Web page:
Army to upgrade ground-penetrating radar system for detecting hidden IEDs buried in roadways
ALEXANDRIA, Va. – counter-landmine experts at Chemring Sensors and Electronics Systems (CSES) in Dulles, Va., will start an upgrade to a ground-penetrating radar system later this year to detect improvised explosive devices (IEDs) buried in roadways.
Officials of the Army Contracting Command-Aberdeen Proving Ground in Alexandria, Va., announced plans Wednesday to ask CSES -- formerly Non-Intrusive Technology Inc. (NIITEK) -- to make engineering changes to the CSES Husky Mounted Detection System (HMDS).
The HMDS is a counter-IED system able to detect underbelly IEDs and antitank landmines buried in primary and secondary roads. As a result, the HMDS is vital to route clearance packages (RCP). The system is a combination of the CSES VISOR 2500 ground-penetrating radar and the Husky vehicle from Critical Solutions International Inc. in Carrollton, Texas.
The Army Contracting Command will award a contract for the HMDS upgrades sometime this summer, on behalf of the Army Product Manager Counter Explosive Hazard (PdM CEH) at Fort Belvoir, Va.
The HMDS helps the Army quickly clear roadways of anti-tank mines, roadside bombs, and other IEDs. The CSES VISOR 2500 ground-penetrating radar detects metallic and non-metallic explosive hazards, pressure plates, and antitank mines. It combines advanced real-time automatic-target-recognition algorithms, integrated metallic and non-metallic threat detection, automatic precision marking, and software in a ruggedized, supportable package.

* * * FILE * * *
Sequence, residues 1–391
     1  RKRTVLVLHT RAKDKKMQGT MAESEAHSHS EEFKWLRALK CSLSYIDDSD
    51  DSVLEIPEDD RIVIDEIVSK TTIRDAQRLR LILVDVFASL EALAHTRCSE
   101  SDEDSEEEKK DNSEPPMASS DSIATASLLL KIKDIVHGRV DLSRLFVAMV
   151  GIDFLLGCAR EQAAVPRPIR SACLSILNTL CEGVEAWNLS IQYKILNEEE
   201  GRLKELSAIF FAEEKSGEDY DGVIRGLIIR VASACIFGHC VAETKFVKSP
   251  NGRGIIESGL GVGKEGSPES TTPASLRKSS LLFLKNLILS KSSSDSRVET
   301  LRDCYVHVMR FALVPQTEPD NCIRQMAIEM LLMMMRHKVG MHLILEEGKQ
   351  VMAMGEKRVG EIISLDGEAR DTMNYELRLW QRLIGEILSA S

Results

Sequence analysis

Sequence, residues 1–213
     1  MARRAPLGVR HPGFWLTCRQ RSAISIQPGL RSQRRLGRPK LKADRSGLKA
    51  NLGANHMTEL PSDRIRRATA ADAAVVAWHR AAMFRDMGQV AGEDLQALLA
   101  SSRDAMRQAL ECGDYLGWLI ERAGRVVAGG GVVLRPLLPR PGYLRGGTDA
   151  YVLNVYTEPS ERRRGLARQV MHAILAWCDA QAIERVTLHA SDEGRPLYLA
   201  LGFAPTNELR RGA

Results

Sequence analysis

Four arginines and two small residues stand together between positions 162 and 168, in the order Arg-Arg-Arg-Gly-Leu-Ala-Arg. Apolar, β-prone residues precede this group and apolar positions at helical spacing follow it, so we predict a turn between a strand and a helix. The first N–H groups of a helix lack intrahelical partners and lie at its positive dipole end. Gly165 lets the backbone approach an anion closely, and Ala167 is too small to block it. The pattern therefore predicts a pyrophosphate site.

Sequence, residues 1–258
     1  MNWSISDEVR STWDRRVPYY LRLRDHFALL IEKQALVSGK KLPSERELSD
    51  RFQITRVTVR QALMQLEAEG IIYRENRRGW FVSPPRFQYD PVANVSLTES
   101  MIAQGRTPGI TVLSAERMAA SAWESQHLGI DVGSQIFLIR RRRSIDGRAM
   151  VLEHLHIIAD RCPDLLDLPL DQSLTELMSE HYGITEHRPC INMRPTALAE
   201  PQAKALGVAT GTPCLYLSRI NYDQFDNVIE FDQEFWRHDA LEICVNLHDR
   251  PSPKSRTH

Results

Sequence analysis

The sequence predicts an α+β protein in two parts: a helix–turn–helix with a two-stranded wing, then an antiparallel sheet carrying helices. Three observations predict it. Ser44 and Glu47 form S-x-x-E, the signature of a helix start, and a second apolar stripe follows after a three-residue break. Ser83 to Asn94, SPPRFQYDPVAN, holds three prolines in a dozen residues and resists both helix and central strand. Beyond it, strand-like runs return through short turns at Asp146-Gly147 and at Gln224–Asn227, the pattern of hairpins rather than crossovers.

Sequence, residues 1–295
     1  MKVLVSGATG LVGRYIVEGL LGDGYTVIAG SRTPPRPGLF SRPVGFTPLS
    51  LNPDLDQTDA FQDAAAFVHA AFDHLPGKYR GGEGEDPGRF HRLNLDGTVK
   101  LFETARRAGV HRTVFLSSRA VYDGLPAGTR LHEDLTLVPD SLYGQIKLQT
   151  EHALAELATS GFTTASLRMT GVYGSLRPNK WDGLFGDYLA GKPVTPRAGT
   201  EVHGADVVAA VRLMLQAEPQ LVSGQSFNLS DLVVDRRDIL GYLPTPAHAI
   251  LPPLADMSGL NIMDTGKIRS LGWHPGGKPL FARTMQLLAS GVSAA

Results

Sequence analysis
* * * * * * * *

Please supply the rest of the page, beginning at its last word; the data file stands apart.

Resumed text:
CSES’s multi-panel high-performance VISOR GPR system functions on manned, blast-resistant vehicles to provide rapid ability to scope out anti-vehicle landmines and other explosive hazards on main supply routes and additional open areas as needed, CSES officials say.
CSES’s ground-penetrating radar and an optional metal detector, when mounted on manned, blast-resistant vehicles, provides a rapid ability to scope out anti-vehicular landmines or any other type of buried explosive hazard.
CSES’s VISOR 2500 ground-penetrating radar is designed for buried mine and similar explosives detection using ultra-wideband ground-penetrating radar arrays and automatic target recognition. The system uses ultra-wide-bandwidth impulses, has a high signal to clutter ratio, low radar cross-section, is lightweight, and offers low power consumption, CSES officials say.
The HMDS program has become a program of record (POR) that requires the government to establish a baseline and configuration control of the HMDS GPR technology, Army officials say.
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